Good question… First, I’d say embrace your limitations. Start with what you have. Don’t worry about having the best gear or a huge budget when first starting out. Learn as much as you can about your craft. Prioritize skills over equipment. Start with the fundamentals like knowing every single feature of your camera and how to maximize its capabilities so no matter where you are or what you’re shooting, your lack of knowledge using your gear is never a factor. Watch tutorials from successful people in your niche. Understand the software you use to edit. That way, the only limiting factor you’ll have is to get your butt out and start filming. Then build a portfolio. Go out and film/shoot everything! Offer your services for free for local businesses and friends and just put out content. Build your brand as much as you can. The more you do that the better you’ll get. Simple I know… But the more you grind the faster you’ll get to your goals. Don’t focus on followers and subscribers, focus on building a core community that supports you. Which In my opinion is the best thing you can do in this line of work. Keep that in mind as you grow into your career no matter how “big” you make it.

How do you find the balance between pushing boundaries creatively and delivering what your client wants or audience wants to see?

I try to communicate with the client as much as I can before working together to make sure our visions align. If they don’t align, I usually don’t move forward with it. It’s tempting to say yes to every email opportunity that comes from a brand that wants to work with you, but you’ll get further saying no more often than you think. When they do align, I feel creatively free to do whatever I want to make the best content I can. If at any point you feel like you’re not being your authentic self, and/or limiting your creativity because of a brand’s limitations, don’t do it. It will turn what you love into something you hate.

What is the most challenging aspect of being a filmmaker/creative?

There isn’t a one-size-fits-all for this kind of thing. The most challenging aspect of being a filmmaker is different for everyone in my opinion. Some suffer from insecurities, imposter syndrome, financials, passion/work ethic, and lack of knowledge and experience in certain aspects of this creative world. But I believe learning as you go is all part of the process. That’s why collaboration is necessary. We all are learning and that’s one reason why I love my job so much.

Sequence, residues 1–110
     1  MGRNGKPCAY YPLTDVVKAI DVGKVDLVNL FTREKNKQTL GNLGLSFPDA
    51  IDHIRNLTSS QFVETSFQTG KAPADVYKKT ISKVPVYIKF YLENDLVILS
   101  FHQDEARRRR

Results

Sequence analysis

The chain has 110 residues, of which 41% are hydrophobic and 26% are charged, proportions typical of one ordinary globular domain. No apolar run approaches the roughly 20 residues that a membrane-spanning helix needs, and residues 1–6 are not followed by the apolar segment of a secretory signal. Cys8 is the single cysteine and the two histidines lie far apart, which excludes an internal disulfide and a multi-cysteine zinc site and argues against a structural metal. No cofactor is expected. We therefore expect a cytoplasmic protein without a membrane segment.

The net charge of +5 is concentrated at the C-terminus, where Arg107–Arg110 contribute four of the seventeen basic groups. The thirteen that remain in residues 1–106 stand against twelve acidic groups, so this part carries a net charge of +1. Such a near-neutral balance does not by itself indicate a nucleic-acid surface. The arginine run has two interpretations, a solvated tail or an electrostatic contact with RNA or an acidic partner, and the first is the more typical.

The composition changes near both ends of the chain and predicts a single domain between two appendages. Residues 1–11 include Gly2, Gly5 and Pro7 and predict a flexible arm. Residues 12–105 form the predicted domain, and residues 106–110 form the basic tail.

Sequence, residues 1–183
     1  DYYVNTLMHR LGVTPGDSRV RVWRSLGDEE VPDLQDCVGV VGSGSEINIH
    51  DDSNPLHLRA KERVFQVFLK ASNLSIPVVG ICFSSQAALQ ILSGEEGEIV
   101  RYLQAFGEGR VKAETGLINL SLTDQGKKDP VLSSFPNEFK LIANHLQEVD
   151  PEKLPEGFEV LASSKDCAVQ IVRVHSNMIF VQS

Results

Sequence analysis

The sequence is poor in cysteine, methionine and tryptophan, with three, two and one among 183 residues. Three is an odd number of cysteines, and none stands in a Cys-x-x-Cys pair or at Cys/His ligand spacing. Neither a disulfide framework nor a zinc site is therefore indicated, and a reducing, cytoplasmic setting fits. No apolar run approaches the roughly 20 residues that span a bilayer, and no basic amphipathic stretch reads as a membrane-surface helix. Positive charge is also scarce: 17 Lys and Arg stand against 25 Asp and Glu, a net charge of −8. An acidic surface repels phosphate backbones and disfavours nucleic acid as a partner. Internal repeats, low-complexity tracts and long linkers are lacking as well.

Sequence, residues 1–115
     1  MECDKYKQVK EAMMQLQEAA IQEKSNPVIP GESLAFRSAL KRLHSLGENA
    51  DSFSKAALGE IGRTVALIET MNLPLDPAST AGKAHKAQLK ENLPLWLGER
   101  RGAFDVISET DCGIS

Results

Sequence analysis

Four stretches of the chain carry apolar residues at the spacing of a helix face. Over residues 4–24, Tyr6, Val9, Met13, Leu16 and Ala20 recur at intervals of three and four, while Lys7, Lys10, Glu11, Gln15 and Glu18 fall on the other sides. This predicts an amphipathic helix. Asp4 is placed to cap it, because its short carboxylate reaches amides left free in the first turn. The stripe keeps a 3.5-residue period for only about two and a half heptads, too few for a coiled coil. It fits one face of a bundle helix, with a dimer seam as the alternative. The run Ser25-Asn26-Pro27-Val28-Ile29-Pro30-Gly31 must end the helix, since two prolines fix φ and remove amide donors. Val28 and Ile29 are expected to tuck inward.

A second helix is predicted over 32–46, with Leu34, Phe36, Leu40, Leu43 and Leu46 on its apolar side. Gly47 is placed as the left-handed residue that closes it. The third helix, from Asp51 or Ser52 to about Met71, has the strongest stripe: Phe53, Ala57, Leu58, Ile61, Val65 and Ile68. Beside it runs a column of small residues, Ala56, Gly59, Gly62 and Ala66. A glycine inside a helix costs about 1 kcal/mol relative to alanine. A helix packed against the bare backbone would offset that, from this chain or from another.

What’s your favorite project that you’ve worked on?

I was a creative director/filmmaker for a brand deal with a car company with one of my good friends last year. We had a team of people helping us with this project and it was one of the biggest projects I’ve ever worked on. Since our schedules were so full we had to condense down two weeks of work into four days. Driving hundreds of miles, chasing sunsets, and filming into the night. It was hectic. That was a project where we all learned a lot about how pre-production is a major important aspect of projects as it will help everyone come together as a team and become efficient. Shot lists and location scouting is key.

How do you search for music on Musicbed? What are some tips that you’d give other filmmakers to search on Musicbed?

I try to be as efficient as possible when it comes to my lifestyle. What I have found works best for me to search for music on Musicbed is I’ll play the most recent music from the site while I’m driving in the car or while I’m at the gym/on a walk. When I come across a song that triggers an emotional response and I start imagining what kind of video would fit with it, that’s when I know it’s a good song so I’ll bookmark it for later. Sometimes I’ll be editing and will have an idea for the type of song I’m looking for for that specific part of the edit, so I’ll simply go onto the site and search within the mood or genre and will find something that way.

Why do you utilize Musicbed in your work? 

Musicbed is an endless source of high-quality curated music in every genre. I never have a problem finding exactly what I need. The last thing I need to do is hold up my creative flow trying to find a song to match what I’m trying to make and Musicbed solves that. The music on Musicbed is unmatched.

Explore an exclusive playlist of Jamie’s go-to songs he uses in his videos—available to license only on Musicbed.